Episode #613

Small, Medium, Large

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Saturday, March 26, 2005

Is bigger always better? Kurt Andersen and his guest, the actor and film director Liev Schreiber, discuss what size means for a work of art. We’ll hear about the classic film called Powers of Ten, which illustrates the idea of scale by gradually pulling our perspective back from the atomic level all the way to the end of the universe. The California artist Karen Carson tells us why painters love making work on giant canvasses. And the songwriter called Stew, at work in his studio, explains why “small is always what gets the attention.”

Guests:

Liev Schreiber

Special Guest: Liev Schreiber

Kurt Andersen and actor Liev Schreiber talk about scale and how actors, artists, and musicians choose the right size for the work they do.

Liev Schreiber is one of the most acclaimed young actors today. His portrayals of Hamlet and Iago thrilled theater critics, and he's appeared in films from ...

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Powers of Ten

A 1977 short film called Powers of Ten by the great designers Charles and Ray Eames uniquely demonstrates the properties of scale. The Eames are best known for a famous mid-century modern chair, and had a rule to always look at something from the next biggest ...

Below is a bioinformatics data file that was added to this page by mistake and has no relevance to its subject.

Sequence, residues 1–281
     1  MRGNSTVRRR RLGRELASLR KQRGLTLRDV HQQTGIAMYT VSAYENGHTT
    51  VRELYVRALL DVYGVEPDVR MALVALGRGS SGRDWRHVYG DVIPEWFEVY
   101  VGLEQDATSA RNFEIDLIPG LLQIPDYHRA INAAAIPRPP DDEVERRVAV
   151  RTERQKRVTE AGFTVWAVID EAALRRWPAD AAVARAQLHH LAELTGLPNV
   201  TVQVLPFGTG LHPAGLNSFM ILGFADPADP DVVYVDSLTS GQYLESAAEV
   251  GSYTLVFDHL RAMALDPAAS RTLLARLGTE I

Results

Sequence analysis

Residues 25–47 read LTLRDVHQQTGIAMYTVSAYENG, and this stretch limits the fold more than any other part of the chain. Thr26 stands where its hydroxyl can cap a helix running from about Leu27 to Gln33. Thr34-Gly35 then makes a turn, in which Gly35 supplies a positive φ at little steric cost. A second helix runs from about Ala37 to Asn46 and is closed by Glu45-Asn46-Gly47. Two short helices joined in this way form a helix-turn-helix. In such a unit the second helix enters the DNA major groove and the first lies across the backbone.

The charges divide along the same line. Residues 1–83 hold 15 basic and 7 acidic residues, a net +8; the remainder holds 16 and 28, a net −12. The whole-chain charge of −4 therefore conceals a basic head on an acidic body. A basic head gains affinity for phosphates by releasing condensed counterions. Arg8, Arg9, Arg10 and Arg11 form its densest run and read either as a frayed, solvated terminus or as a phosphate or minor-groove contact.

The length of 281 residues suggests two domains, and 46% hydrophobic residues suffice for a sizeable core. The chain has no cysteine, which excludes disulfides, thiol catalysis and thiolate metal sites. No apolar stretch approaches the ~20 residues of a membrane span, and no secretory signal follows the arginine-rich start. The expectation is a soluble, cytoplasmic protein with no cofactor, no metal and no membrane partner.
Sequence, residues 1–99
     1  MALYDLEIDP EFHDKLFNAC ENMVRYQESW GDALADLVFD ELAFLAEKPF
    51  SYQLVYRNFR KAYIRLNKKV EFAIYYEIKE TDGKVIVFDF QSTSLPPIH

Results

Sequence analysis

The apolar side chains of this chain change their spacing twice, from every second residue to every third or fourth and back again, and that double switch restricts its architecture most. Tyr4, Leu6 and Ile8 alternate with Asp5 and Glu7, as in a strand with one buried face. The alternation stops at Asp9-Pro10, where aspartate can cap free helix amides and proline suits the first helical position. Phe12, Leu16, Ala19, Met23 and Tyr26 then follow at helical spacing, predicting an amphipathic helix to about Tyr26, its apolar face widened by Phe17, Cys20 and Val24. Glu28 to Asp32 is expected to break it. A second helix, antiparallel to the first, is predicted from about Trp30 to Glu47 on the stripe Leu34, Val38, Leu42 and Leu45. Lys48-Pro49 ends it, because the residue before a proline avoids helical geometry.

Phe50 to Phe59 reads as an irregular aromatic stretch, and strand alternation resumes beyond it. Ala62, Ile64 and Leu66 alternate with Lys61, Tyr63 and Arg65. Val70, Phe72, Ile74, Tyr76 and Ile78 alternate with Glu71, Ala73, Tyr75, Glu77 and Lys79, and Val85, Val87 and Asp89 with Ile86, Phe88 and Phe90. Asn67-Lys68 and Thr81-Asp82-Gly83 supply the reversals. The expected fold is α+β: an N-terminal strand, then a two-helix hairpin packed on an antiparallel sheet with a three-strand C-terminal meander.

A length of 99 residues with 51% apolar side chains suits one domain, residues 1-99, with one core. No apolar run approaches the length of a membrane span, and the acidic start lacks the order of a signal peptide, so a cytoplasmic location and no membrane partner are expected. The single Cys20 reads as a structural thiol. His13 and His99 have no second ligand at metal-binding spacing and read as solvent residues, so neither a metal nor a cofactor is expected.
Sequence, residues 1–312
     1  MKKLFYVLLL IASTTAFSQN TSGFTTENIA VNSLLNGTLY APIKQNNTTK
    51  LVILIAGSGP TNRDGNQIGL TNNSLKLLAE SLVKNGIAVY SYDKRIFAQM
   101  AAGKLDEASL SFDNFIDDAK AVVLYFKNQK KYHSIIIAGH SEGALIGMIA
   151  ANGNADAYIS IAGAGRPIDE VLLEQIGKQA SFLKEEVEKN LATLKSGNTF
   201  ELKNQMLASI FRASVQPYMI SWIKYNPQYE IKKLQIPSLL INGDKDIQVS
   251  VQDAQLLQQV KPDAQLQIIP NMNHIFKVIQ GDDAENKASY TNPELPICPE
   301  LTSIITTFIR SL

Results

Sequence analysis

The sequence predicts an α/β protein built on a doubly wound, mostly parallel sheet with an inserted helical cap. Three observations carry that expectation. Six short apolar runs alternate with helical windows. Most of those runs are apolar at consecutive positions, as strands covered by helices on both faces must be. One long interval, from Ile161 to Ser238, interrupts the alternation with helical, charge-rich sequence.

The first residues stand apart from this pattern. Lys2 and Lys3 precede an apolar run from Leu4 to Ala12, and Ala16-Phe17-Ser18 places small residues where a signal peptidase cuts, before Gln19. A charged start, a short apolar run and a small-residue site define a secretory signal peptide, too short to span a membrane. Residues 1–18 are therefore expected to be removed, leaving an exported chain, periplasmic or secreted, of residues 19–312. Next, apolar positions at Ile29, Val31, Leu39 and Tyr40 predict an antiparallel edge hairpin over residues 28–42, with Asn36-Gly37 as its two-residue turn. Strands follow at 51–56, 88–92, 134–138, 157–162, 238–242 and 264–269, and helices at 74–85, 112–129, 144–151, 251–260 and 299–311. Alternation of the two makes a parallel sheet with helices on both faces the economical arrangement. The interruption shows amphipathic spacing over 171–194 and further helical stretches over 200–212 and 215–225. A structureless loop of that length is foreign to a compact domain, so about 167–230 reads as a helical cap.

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Does Size Matter?

In the middle of the last century, almost all the important painters were working big. Canvasses grew too big for even some of the rich patrons’ walls. Matt Holzman of KCRW tried to find out why, and how, modern painters went monumental.

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Turn It Up To 11

Songs don't take up any physical space, but musicians and their producers have to make a lot of decisions about scale, like the number of instruments used or even the size of the studio. Los Angeles-based musician Mark Stewart — a.k.a. Stew — and his writing partner Heidi ...

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Aha Moment: Pedal Steel

When he was a young musician, Chas Smith had zero interest in country music, and had never really paid attention to the painstakingly slow, textured flow of sounds that come from the pedal steel guitar. He recently told Studio 360's David Krasnow how an accident of faith and ...

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Commentary: The Dumb and the Bland

It's commonplace to hear cultural critics lament the popularity of reality television, but Studio 360's Kurt Andersen argues the bread and circus of bad TV in 2005 is the result of a generational shift.

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